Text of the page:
No, he can not run forever because another reporter will find him and will not keep his secret.
Yes, he loves her and this is a good sign that she likes him, which means maybe he can be accepted as he is, super-warts and all.
5 Working with humanity
Zod arrives and threatens Earths inhabitants to hand over Clark. Clark works with humanity, after talking with a Priest, and surrenders to the Military who hand him over to Zod. In this section Superman slips Lois his “S” key, which, when you read all the movie-wide change suggestions I make in the Eight, you will see that this is a BIG DEAL, this is like bigger than giving your best girl your fraternity pin, this is akin to bringing her home to meet your parents. This scene could have definitely been played with a dash of playful heart in it, right in the middle of the darkest hour. Instead it was played as a stiff “Keep this safe, they might torture me.” moment.
6 Holo-Jor-El gives vital information.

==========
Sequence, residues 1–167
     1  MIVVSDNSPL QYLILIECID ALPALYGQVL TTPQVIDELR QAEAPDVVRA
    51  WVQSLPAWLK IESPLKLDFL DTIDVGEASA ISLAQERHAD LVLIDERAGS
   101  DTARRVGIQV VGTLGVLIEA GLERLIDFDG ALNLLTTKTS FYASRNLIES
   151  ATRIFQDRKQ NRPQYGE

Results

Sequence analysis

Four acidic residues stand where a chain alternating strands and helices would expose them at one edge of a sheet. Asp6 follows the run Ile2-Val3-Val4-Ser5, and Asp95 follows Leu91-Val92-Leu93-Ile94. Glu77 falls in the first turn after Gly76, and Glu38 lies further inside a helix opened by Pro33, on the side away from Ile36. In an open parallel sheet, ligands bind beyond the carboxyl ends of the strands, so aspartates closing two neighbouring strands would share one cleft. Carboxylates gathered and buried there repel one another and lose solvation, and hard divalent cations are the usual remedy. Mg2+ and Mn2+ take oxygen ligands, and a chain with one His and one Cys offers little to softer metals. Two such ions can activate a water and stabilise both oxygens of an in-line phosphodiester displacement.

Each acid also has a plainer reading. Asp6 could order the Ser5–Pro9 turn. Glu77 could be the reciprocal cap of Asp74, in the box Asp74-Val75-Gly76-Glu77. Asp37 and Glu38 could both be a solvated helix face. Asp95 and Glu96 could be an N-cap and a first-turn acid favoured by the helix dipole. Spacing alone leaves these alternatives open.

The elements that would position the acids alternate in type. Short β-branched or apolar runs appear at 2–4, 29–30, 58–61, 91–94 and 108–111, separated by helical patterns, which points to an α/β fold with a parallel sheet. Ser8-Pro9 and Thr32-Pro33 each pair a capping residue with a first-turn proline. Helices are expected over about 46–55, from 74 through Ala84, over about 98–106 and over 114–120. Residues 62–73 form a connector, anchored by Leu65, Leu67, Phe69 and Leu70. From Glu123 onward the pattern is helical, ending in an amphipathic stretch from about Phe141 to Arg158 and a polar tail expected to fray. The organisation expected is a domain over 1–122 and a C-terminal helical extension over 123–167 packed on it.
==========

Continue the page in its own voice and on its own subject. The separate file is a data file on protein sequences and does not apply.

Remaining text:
The “S” key is once again used to summon Holographic JorEl who helps Lois escape Zod’s ship and gives her vital information on how to destroy said ship. I see a different approach here, with Lois uncovering clues which will later be pieced together in the Seven to create the plan for the Eight, more on that later, but it basically mirrors and deepens the Holo-Jor-El from the Three, only it is with Lois, and this fact should somehow have some joy in it. After all, this is the closest Lois is going to ever get to meeting Clark’s Dad and perhaps if Jor El behaves as though he is conversing with Cal El and she probes him with personal questions about Clark all the while dodging laser beams and punches, this could serve to flatten and delineate the boundaries of the whole “I am Jor El’s conciousness” thing and broaden and raise way up Lois’ charm and spunk factor.
7 Superman reacts and then plans.
Following Holo-Jor-El’s orders to smash open a bulkhead Superman sees and split second decides to save Lois as her damaged escape pod falls to earth, then he immediately determines that his Mom is in danger, because he suspects Zod will look for the Codex at her farm, so he split second decides to save her, literally leaving Lois in the dust. Reacting to his anger (which is an involuntary method of decision making) over seeing Zod toss his Mom aside Clark launches a torrential rain of blows against Zod which take out half of Smallville.